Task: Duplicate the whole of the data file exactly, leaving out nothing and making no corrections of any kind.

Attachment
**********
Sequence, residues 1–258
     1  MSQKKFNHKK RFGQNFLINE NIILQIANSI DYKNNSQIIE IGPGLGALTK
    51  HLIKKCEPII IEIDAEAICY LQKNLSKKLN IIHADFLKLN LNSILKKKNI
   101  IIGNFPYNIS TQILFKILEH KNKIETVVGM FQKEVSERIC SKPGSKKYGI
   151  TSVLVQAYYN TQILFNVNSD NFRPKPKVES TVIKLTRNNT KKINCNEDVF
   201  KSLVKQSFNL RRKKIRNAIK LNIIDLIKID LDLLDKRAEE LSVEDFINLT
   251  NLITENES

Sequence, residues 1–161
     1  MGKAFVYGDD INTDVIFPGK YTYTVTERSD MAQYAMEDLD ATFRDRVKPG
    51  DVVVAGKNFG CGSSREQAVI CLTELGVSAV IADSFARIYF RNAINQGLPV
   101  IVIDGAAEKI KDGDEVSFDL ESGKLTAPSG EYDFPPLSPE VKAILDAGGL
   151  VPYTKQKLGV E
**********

Sequence, residues 1–258
     1  MSQKKFNHKK RFGQNFLINE NIILQIANSI DYKNNSQIIE IGPGLGALTK
    51  HLIKKCEPII IEIDAEAICY LQKNLSKKLN IIHADFLKLN LNSILKKKNI
   101  IIGNFPYNIS TQILFKILEH KNKIETVVGM FQKEVSERIC SKPGSKKYGI
   151  TSVLVQAYYN TQILFNVNSD NFRPKPKVES TVIKLTRNNT KKINCNEDVF
   201  KSLVKQSFNL RRKKIRNAIK LNIIDLIKID LDLLDKRAEE LSVEDFINLT
   251  NLITENES

Sequence, residues 1–161
     1  MGKAFVYGDD INTDVIFPGK YTYTVTERSD MAQYAMEDLD ATFRDRVKPG
    51  DVVVAGKNFG CGSSREQAVI CLTELGVSAV IADSFARIYF RNAINQGLPV
   101  IVIDGAAEKI KDGDEVSFDL ESGKLTAPSG EYDFPPLSPE VKAILDAGGL
   151  VPYTKQKLGV E